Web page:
Relieve Stress with Visits to These Fragrant Places, from Lavender Farms to Redwood Groves
Follow your nose to these places that are soothing to the senses and the spirit.
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We already know that time spent outdoors and in the garden can have sweeping mental health effects, and now there’s new evidence that supports the idea that having access to nature relieves stress and even reduces our perception of pain, too. The outdoors provide us with wide-ranging sensory stimulation: breathtaking, panoramic views; the dulcet sounds of babbling springs and sparkling birdsong; the satisfying crunch of twigs and pine needles beneath our feet. And then there’s the fresh air—so much more than just oxygen. Lucky for us, some of the best-smelling, most fragrant natural places in America are right here in the West.
Scent bypasses our thinking brain and goes straight to our brain’s feelings-making bits; the olfactory system is famously connected to the amygdala — the brain’s sandbox for memories and emotions—and it goes way beyond Proust’s famous madeleines. According to a new study, the scents of nature in particular send a message from our nose to our brains that everything is okay, you are safe, stay calm.
From bracing mountain pines to the night-blooming splendor of the desert, there are so many wonderful places to smell the West. Here are some of our favorite places for experiencing immersive aromatherapy (and if you can’t get outside, how to smell them without leaving home).
Ocean Air: Big Sur
We may think of the vast kelp forests along California’s Central Coast as the source of the divine scent of ocean air, but the smell actually comes from the tiniest organisms in the ocean—plankton that produce a gas called dimethyl sulfide (DMS), and are the main constituent of sea foam.
Smell it at home with Paddywax’s Ocean Tide + Sea Salt Relish Candle.
Old-Growth Forest: The Redwoods
The spongy bark of redwoods and sequoias soaks up sweet forest aromas and hold them in stasis, right at nose level. The scents of wild mushrooms, red huckleberry, calypso orchids, and sword ferns always evoke an Endor vibe. Old-growth forests are all the rage along the Northern California coast, stretching from Big Sur up through Humboldt County. While you’re in the neighborhood, swing up to Oregon for a spell to the Siskiyous for a good whiff of myrtlewood and serpentine bogs.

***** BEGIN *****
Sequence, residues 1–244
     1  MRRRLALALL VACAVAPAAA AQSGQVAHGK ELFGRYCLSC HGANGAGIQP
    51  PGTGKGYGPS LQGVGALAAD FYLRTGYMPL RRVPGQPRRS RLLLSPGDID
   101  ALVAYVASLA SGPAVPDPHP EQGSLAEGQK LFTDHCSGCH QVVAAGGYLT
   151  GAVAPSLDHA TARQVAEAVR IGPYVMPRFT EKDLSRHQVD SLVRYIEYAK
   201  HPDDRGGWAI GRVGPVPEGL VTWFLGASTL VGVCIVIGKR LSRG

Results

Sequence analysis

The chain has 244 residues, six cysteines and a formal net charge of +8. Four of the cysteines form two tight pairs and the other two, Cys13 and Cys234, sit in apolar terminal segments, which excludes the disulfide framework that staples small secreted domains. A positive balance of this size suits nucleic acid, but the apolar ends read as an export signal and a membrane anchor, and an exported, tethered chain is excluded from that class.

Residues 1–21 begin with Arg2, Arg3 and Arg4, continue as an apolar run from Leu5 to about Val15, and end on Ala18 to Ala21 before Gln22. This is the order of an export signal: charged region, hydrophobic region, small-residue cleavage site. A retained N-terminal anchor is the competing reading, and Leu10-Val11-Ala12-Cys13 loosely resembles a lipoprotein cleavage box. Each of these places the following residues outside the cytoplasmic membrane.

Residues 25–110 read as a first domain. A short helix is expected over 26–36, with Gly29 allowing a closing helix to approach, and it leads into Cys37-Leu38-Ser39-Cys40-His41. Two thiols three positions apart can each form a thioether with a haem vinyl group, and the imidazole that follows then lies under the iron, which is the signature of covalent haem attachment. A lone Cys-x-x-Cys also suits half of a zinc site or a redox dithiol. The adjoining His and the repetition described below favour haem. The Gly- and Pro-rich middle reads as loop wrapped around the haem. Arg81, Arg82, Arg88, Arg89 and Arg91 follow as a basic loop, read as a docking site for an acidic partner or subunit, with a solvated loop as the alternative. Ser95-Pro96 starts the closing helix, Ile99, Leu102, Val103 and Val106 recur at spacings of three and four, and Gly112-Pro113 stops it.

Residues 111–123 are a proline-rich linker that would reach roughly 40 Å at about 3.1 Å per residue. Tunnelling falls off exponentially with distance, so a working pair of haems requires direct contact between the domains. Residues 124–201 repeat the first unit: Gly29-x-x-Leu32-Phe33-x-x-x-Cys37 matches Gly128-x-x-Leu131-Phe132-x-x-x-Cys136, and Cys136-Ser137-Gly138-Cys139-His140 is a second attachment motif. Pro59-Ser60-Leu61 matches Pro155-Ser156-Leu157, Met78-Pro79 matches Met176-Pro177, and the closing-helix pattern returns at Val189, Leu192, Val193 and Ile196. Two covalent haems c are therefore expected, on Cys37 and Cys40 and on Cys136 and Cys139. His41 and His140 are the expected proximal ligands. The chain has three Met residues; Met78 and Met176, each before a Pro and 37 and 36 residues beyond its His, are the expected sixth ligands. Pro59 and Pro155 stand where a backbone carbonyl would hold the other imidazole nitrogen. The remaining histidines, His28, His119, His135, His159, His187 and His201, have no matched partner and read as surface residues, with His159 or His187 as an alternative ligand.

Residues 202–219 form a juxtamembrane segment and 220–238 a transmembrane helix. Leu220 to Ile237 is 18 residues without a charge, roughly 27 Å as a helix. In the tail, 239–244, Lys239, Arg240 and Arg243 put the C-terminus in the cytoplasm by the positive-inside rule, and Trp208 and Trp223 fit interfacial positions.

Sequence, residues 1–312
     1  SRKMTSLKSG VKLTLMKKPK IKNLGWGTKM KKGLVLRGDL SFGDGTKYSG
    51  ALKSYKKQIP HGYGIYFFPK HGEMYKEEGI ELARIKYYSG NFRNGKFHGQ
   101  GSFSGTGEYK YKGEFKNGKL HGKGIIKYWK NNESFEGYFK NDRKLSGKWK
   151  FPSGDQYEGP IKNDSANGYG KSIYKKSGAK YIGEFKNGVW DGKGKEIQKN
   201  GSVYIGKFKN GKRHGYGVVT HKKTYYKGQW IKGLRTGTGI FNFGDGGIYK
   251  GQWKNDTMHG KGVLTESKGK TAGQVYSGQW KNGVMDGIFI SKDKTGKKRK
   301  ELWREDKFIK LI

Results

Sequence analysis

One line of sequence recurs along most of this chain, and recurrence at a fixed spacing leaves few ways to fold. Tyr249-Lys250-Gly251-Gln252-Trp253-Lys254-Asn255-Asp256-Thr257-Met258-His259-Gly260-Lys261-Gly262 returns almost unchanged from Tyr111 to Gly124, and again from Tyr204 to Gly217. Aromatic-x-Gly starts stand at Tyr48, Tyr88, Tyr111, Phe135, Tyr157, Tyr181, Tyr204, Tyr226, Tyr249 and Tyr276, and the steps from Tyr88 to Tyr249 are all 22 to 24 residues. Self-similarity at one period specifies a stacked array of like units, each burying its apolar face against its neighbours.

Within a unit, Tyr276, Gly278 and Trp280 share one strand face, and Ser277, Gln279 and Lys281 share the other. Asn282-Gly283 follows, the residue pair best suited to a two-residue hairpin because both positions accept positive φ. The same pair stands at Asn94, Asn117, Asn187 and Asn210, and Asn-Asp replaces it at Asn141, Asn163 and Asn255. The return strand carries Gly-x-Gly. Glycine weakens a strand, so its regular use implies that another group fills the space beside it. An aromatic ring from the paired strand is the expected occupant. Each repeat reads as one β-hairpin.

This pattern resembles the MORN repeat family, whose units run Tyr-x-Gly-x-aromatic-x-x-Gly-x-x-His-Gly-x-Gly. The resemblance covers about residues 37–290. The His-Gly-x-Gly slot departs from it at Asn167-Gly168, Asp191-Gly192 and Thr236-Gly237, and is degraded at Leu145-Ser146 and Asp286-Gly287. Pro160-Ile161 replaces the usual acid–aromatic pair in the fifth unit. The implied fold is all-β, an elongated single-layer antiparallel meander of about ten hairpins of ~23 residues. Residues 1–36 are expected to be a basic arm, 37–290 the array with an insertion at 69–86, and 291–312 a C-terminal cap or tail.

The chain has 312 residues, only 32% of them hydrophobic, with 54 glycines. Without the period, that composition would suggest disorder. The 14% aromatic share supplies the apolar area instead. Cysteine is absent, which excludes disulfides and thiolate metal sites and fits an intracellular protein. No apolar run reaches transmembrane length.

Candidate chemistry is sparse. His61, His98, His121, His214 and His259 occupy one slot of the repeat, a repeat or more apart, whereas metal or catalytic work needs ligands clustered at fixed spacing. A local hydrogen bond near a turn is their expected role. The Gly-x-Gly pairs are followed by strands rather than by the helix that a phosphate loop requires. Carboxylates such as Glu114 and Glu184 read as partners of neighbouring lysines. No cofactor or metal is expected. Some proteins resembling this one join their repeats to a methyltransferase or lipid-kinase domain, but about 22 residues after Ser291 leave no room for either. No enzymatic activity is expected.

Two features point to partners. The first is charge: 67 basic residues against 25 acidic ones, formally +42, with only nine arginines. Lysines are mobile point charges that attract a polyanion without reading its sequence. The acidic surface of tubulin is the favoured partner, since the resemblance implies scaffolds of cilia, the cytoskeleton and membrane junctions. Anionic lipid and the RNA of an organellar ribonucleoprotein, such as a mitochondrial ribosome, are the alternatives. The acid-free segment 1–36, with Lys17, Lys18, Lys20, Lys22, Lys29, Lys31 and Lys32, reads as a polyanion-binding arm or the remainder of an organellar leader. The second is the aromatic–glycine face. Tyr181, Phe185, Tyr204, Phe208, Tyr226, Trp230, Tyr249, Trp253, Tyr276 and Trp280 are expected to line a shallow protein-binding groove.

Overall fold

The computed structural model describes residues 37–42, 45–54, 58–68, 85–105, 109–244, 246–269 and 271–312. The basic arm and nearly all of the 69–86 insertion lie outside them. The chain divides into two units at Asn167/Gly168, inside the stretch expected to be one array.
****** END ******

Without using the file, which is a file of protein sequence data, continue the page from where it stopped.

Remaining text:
Smell the forest at home with the Homesick Northern California candle.
Citrus Blossoms: San Joaquin Valley
Walk through the Sierra Nevada foothills in Fresno County between mid-February and mid-March, and the air is an intoxicating blend of mariposa and datura, plus the heady perfume of orange and lemon blossoms wafting up on warm breezes from the citrus orchards below. Bonus: fossilized seashells, free for the taking.
Smell this at home with Somerset’s Neroli Tangerine candle.
Big Sagebrush: Northern Yellowstone
Once you set foot east of the Cascades, the air palpably shifts from moss and petrichor to the camphor terpene aroma of sagebrush. Sagebrush steppes are a wide-reaching ecotype throughout the Intermountain West, stretching between the Cascades and the Rockies. Deerbrush, another common shrub in the region, offers warm undertones of burnt sugar and cinnamon.
Smell it at home with Inland Candle Company’s High Desert candle.
Lavender Fields: Sequim-Dungeness Valley
Called “America’s Provence,” Washington’s Sequim-Dungeness Valley boasts dozens of lavender farms, making it one of the very best-smelling places in the country. Most of the farms are open to the public all or part of the year, but be sure and time your visit for the lavender festival in July. Or simply take a scenic drive—just make sure to roll down the windows.
Smell it at home with Mrs. Meyer’s Clean Day Lavender-scented candle.
Mountain Pines: Rocky Mountains
Escape to the piney weald of the Rockies, and breathe deeply of the clean scent of mountain conifers (or freshly mopped floors, depending on how you keep house). Even if the Rockies are out of reach, there’s a pine species for pretty much every state in the West—ponderosa pines (all over Bryce Canyon, Utah) smell like pine mixed with a hint of vanilla.
Smell it at home with the Wax & Wick Blue Pine candle.
Night-Bloom Air: Sonoran Desert
The Sonoran Desert is so much more than cholla and lizards: we’d argue it’s one of the best-smelling places in America. To wit: after dark, the fragrance of night-blooming cereus and evening primrose dance with the aromas of acacia, creosote bush, mesquite, and chia to create the most inebriating olfactory cocktail. Sleep under the stars on a warm late June night, and take it all in with a side of wanton, prurient sky candy.
Smell it at home with Broken Top Candle Co.’s Saguaro candle.